res = Map[{#[], #[] + #[]} &, ores]


Again cribbing from someone else's graphics, we show the result.

Graphics[{PointSize[Large], Point[pts], Red, PointSize[Medium],
Arrow[{pts[[#]], pts[[#2]]} & @@@ res]}] This method handles 150 points in a half minute or so. One bottleneck is the computation of the objective function.

• I have seen your answer many times,give me some time to check the FindMinimum always give a global minimal pair.I will response you after some days. – yode May 4 '17 at 0:18

This gives the same (optimal) result as Daniel Lichtblau's answer for the given example. Integer linear programming is also used, but in this answer this is done by FindShortestTour.

max = 20;
nn = 20;
SeedRandom
pts = RandomInteger[max, {nn, 2}]
boolPts =
Join[
Transpose@Join[{-Range[nn]}, Transpose@ pts],
Table[{i, 0, 0}, {i,  nn}]];
bound = 2 max^2;
tour = FindShortestTour[
boolPts,
DistanceFunction -> (If[#[] +  #2[] == 0,
-bound,
If[
#[] #2[] < 0
,
bound
,
EuclideanDistance[#[[2 ;;]], #2[[2 ;;]]]
]] &), Method -> "IntegerLinearProgramming"];

resultLength = nn*bound + N@First@tour

30.8036

pairs = pts[[#]] & /@ Partition[tour[], 2][[1 ;; -1 ;; 2]]
resultLength == Total[EuclideanDistance @@@ pairs]

{{{5, 0}, {7, 0}}, {{5, 12}, {3, 10}}, {{0, 0}, {2, 3}}, {{11,
2}, {12, 0}}, {{19, 4}, {20, 3}}, {{17, 11}, {19, 8}}, {{15,
6}, {19, 5}}, {{16, 14}, {18, 16}}, {{7, 3}, {4, 2}}, {{3, 8}, {0,
4}}}
True

• Some question should be listed.Firstly,the boolPts can be Catenate[MapIndexed[{PadRight[#2, 3], Prepend[#1, -First[#2]]} &, pts]]?Secondly,why we set the bound is 2 max^2?.Thirdly,Do you sure the FindShortestTour always will give Global minimal pairs and have you see this?fourthly,could you explain your DistanceFunction? – yode May 4 '17 at 0:39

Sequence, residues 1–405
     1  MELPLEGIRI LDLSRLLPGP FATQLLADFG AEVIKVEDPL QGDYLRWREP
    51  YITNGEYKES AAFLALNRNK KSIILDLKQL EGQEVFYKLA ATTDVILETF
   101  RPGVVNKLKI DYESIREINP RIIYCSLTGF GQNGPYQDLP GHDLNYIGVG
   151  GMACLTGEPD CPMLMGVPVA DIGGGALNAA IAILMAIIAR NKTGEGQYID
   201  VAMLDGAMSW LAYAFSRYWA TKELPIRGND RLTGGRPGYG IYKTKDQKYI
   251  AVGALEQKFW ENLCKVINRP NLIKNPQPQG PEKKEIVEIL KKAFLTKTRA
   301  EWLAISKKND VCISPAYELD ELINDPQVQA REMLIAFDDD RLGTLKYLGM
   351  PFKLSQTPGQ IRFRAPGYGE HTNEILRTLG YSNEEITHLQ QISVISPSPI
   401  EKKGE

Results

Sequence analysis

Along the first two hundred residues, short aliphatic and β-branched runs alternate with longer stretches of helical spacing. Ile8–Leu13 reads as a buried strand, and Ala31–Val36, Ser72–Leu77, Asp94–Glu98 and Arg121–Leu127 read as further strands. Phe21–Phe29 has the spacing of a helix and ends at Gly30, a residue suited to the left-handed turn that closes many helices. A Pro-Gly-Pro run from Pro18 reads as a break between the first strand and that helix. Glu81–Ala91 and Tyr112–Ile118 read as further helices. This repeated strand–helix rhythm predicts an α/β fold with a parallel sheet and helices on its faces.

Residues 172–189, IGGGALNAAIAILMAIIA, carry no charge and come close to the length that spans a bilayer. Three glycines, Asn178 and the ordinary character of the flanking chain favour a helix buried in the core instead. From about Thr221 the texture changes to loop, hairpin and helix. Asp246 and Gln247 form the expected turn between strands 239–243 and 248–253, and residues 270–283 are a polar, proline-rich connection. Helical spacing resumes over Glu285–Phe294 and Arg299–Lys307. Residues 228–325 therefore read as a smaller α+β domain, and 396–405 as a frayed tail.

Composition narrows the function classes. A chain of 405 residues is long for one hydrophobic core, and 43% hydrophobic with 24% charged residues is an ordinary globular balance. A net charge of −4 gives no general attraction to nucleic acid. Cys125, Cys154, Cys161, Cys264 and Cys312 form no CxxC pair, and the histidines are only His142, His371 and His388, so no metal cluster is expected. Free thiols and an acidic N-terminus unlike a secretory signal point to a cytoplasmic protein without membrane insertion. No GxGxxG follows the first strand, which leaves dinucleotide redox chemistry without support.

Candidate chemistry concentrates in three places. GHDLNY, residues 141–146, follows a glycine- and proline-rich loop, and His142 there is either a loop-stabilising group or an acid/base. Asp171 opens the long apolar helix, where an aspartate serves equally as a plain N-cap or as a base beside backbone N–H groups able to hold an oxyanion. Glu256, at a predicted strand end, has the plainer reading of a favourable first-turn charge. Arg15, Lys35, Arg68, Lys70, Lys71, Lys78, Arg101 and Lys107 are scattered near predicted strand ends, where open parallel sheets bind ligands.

• The result is not same with this comment.And how to get the pair as your tour? – yode May 4 '17 at 0:55
• @yode 1) yes, you can use that Catenate code if you prefer. 2) bound is set heuristically to 2 max^2. It can be seen as a reward/penalty that has is so big that if you can get it as a reward, you will always choose to do so and similarly you always avoid it as a penalty. If you do not include a reward, my procedure may find triplets instead of pairs. It is also used as a penalty to "remove edges" between vertices. 3) I think it will always find the optimum, I think the reduction to a FindshortestTour (traveling salesman) problem is correct and... – Jacob Akkerboom May 4 '17 at 7:02
• FindShortestTour with the option Method -> "IntegerLinearProgramming" will give the optimal solution for the problem it is considering. 4) See my explanation under "2)". Re: "The result is not same...", well I get the same decimals right (30.8036)? Re: "how to get the pair(s)..", it is stored in the variable pairs. – Jacob Akkerboom May 4 '17 at 7:05
• @yode it was probably a bit silly of me to not use a Graph. I felt it might be more efficient to not have to calculate all distances between all points, but perhaps the time this takes is negligible anyway. If I make a graph the intended connections between vertices may be more apparent. – Jacob Akkerboom May 4 '17 at 7:10